General anaesthetic 

  • Overview

Definition 

Anaesthesia

Keith Myerson, an anaesthetist, explains the different types of anaesthetic, the complications involved, and what happens to you after surgery.

Media last reviewed: 11/07/2013

Next review due: 11/07/2015

Other types of anaesthetic

As well as general anaesthetic, there are several other types of anaesthetic, which can be used for certain procedures. They include:

General anaesthetic medicines information

Read more about the medicines used for general anaesthetic

General anaesthetics are medications used to cause a loss of consciousness so you're unaware of surgery.

Despite there being a number of theories about how general anaesthetics work, the precise mechanisms remain unknown.

However, it is known that all anaesthetics interrupt the passage of signals along the nerves. This means that any stimulation to the body doesn't get processed or recognised by the brain.

How general anaesthetics are given

General anaesthetic will be given to you by an anaesthetist (a specially trained doctor). It will either be given as a:

  • liquid that's injected into your veins through a cannula (a thin, plastic tube that feeds into a vein, usually on the back of your hand)
  • gas that you breathe in through a mask

Your anaesthetist will stay with you throughout the procedure. They will make sure you continue to receive the anaesthetic and you stay asleep, in a controlled state of unconsciousness.

After the procedure, the anaesthetist will turn off the anaesthetic and you will gradually wake up.

When general anaesthetics are used

General anaesthesia is essential for some surgical procedures where it may be safer or more comfortable for you to be unconscious. It's usually used for long operations or those that may be very painful. Examples include surgery to remove the gallbladder, hernia repair, liposuction or a hysterectomy.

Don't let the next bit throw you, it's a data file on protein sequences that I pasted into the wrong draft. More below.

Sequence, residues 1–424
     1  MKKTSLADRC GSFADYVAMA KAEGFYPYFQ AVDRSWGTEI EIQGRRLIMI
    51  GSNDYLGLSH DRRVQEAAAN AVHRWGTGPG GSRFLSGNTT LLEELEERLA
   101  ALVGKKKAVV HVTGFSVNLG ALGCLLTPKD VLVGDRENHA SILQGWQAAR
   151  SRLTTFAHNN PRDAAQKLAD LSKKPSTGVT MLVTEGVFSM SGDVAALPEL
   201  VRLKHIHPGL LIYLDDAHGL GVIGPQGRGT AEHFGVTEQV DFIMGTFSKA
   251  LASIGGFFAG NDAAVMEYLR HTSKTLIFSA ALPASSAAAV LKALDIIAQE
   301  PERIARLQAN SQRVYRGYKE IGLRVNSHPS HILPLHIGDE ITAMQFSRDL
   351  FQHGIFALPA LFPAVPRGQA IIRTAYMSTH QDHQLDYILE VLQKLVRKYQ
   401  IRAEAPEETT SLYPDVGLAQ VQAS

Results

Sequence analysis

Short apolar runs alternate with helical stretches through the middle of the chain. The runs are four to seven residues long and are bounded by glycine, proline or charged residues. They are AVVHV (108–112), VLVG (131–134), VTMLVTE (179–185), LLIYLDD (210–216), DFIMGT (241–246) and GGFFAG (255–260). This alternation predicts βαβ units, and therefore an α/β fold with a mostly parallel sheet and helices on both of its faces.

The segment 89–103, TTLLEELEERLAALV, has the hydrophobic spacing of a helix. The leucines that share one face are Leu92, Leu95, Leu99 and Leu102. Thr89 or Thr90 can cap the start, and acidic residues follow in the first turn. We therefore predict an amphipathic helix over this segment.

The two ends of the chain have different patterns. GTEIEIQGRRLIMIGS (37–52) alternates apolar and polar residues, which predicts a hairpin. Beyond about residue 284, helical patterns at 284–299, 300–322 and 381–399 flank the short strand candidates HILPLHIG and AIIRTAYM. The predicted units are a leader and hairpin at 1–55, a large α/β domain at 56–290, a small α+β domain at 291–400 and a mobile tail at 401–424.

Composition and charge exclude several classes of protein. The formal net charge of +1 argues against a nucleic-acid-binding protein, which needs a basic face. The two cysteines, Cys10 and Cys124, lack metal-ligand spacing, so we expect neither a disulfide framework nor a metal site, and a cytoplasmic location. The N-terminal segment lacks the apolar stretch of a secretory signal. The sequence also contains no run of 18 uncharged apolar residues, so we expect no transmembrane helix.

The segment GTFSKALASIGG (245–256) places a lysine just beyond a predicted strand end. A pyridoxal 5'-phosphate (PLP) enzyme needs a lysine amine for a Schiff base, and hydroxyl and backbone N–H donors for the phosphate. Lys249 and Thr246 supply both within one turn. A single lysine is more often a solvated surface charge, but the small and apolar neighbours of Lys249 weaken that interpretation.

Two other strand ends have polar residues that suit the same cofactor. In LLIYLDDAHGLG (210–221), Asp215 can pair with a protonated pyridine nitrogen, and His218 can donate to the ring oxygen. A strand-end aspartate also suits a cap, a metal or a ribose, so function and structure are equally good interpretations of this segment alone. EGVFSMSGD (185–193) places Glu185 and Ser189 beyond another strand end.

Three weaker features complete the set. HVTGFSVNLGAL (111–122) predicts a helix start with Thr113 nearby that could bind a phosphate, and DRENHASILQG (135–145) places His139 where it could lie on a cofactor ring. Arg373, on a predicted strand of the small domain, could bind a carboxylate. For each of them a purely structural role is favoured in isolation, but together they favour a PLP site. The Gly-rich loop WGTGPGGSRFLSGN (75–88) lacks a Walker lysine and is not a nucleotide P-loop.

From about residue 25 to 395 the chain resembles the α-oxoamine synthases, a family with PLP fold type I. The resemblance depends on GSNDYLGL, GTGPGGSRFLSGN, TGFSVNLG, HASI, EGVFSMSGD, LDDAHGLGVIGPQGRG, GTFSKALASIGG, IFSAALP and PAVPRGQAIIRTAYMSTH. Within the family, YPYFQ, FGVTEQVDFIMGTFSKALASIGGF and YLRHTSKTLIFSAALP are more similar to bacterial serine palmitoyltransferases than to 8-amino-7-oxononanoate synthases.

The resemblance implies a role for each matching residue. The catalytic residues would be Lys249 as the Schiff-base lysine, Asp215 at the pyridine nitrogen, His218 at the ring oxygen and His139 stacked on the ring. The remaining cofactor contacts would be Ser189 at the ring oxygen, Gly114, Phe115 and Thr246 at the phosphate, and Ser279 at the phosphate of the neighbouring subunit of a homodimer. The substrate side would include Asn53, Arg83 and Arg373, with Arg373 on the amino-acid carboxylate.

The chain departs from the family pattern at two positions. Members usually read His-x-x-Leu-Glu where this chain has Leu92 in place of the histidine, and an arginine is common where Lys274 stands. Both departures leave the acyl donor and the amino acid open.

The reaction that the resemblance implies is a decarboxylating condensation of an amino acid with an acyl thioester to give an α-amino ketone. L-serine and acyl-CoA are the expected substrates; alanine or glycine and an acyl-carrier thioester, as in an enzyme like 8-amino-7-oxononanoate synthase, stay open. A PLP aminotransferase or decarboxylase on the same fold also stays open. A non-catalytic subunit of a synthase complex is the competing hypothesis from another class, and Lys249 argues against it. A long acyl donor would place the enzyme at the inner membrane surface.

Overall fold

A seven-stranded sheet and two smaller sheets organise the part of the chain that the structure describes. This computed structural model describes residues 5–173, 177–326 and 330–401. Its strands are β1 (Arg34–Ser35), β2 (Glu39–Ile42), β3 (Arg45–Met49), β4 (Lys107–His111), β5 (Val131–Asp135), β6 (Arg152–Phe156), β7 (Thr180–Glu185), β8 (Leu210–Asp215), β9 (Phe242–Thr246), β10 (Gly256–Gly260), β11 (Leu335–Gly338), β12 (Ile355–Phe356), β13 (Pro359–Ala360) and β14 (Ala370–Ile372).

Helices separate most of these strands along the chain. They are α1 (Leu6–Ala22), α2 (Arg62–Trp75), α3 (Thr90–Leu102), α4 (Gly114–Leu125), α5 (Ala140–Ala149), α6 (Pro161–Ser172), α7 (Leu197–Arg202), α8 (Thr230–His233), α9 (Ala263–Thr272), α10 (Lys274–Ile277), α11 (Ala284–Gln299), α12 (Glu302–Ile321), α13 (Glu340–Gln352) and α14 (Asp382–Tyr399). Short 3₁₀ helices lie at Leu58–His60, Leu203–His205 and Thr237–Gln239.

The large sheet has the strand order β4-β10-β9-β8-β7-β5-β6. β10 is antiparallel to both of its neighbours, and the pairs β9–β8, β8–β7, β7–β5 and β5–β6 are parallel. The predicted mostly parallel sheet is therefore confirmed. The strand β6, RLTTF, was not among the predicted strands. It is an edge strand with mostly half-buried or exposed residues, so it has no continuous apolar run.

Before having an operation, you will meet your anaesthetist and plan your anaesthetic together.

Your anaesthetist will look at your medical history and will ask whether anyone in your family has had problems with anaesthesia. They will also ask about your general health and lifestyle, including whether you:

  • have any allergies 
  • smoke or drink alcohol
  • are taking any other medication

Your anaesthetist will also be able to answer any questions you have. Let them know if you're unsure about any part of the procedure or if you have any worries or concerns. You should be given clear instructions to follow before the operation, including whether you can eat anything in the hours leading up to it.

Side effects

General anaesthetics have some common side effects. Your anaesthetist should discuss these with you before your surgery.

Most side effects occur immediately after your operation and don't last long. Possible side effects are listed below.

  • Feeling sick and vomiting after surgery – about 33% of people feel sick after an operation. This usually occurs immediately, although some people may continue to feel sick for up to a day.
  • Shivering and feeling cold – about 25% of people experience this. Shivering may last for 20-30 minutes after your operation.
  • Confusion and memory loss – this is more common in elderly people and is usually temporary.
  • Chest infection – this can sometimes occur in people who have abdominal surgery. It will make you feel feverish (hot and cold) and cause breathing difficulties.